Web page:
Saturday, May 4, 2013

New Factor that May Affect Travel Plans to Pinas

Today (5/3/13) it was established that my AAA (abdominal aortic aneurysm) had grown by 0.8 cm over the last six months to a total of 5.3 cm.  By contrast, it did not change in size during the previous six-month period. This last ultrasound measurement records a sporadic growth following a period of relative dormancy since the condition was first monitored some nine years ago.  More significantly, it has grown to a size which requires or warrants surgical intervention.

I submitted blood for the pre-surgical blood work and made an appointment for a CT Scan.  The scan is scheduled for Wed, 5/8/13 to determine whether or not it’s possible to repair the AAA with a minimally invasive intervention, e.g. stent by catheterization, a.k.a. endovascular repair (EVAR).  Historically this would involve only a one to two days hospitalization.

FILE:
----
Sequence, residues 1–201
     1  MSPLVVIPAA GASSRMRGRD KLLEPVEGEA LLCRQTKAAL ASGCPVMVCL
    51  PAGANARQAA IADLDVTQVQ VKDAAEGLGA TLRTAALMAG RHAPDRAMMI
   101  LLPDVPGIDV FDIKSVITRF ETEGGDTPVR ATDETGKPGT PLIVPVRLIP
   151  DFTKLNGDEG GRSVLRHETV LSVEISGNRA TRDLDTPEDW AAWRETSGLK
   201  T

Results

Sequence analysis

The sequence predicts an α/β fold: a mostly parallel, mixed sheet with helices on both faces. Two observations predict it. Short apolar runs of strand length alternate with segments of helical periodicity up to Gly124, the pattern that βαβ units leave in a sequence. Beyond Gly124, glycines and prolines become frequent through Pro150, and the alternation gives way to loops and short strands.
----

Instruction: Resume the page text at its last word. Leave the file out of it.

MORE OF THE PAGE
Else the other option is the old fashioned way more commonly referred to as “open repair”: cut me up and repair the aneurysm, an extensively invasive procedure.  This would entail a ten to fifteen days hospitalization and recovery therefrom would be far dicier as it involves trauma to several internal organs.  It could make my 08/30/2007 open heart surgery like a Sunday picnic at the beach.

Tuesday, 21-May-2013 is the day of reckoning.  The vascular surgeon is scheduled to evaluate the blood work and CT Scan to determine which option to take.  I presume the vascular surgeon would obtain clearance from my cardiologist to share responsibility just in case I don’t wake up from general anesthesia.  This should be standard pre-surgical protocol.

Memo to self: better inform the surgical team of the existence of the cadaver donation document.  Better yet, furnish copy thereof as part of the pre-surgical paperwork.

Whichever option is taken I hope the decision is made long before HHS Secretary Sebelius has a chance to deploy her death panels to pronounce me undeserving to get the Medicare benefits allocation.

One consolation: it would make my cadaver a more intriguing specimen for the Medical Students at Stony Brook University where it has been willed to.

Whoever has been expecting to see me in Pinas sometime this year, stay tuned. As it stands, it would be premature to formulate travel plans anytime soon until this question has been put to rest.